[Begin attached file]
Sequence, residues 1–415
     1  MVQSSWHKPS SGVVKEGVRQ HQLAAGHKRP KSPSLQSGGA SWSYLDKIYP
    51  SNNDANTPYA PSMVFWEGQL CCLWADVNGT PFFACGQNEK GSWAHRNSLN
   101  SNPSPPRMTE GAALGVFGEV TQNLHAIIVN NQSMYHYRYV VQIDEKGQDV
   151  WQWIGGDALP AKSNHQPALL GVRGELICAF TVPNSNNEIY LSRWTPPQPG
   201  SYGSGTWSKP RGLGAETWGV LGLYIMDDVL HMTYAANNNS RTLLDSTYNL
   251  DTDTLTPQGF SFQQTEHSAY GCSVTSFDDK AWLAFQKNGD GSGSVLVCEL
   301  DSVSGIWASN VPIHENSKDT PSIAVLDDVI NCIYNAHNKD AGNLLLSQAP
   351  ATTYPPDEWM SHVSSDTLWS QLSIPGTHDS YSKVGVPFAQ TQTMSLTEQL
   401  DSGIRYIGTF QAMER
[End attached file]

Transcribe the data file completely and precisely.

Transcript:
Sequence, residues 1–415
     1  MVQSSWHKPS SGVVKEGVRQ HQLAAGHKRP KSPSLQSGGA SWSYLDKIYP
    51  SNNDANTPYA PSMVFWEGQL CCLWADVNGT PFFACGQNEK GSWAHRNSLN
   101  SNPSPPRMTE GAALGVFGEV TQNLHAIIVN NQSMYHYRYV VQIDEKGQDV
   151  WQWIGGDALP AKSNHQPALL GVRGELICAF TVPNSNNEIY LSRWTPPQPG
   201  SYGSGTWSKP RGLGAETWGV LGLYIMDDVL HMTYAANNNS RTLLDSTYNL
   251  DTDTLTPQGF SFQQTEHSAY GCSVTSFDDK AWLAFQKNGD GSGSVLVCEL
   301  DSVSGIWASN VPIHENSKDT PSIAVLDDVI NCIYNAHNKD AGNLLLSQAP
   351  ATTYPPDEWM SHVSSDTLWS QLSIPGTHDS YSKVGVPFAQ TQTMSLTEQL
   401  DSGIRYIGTF QAMER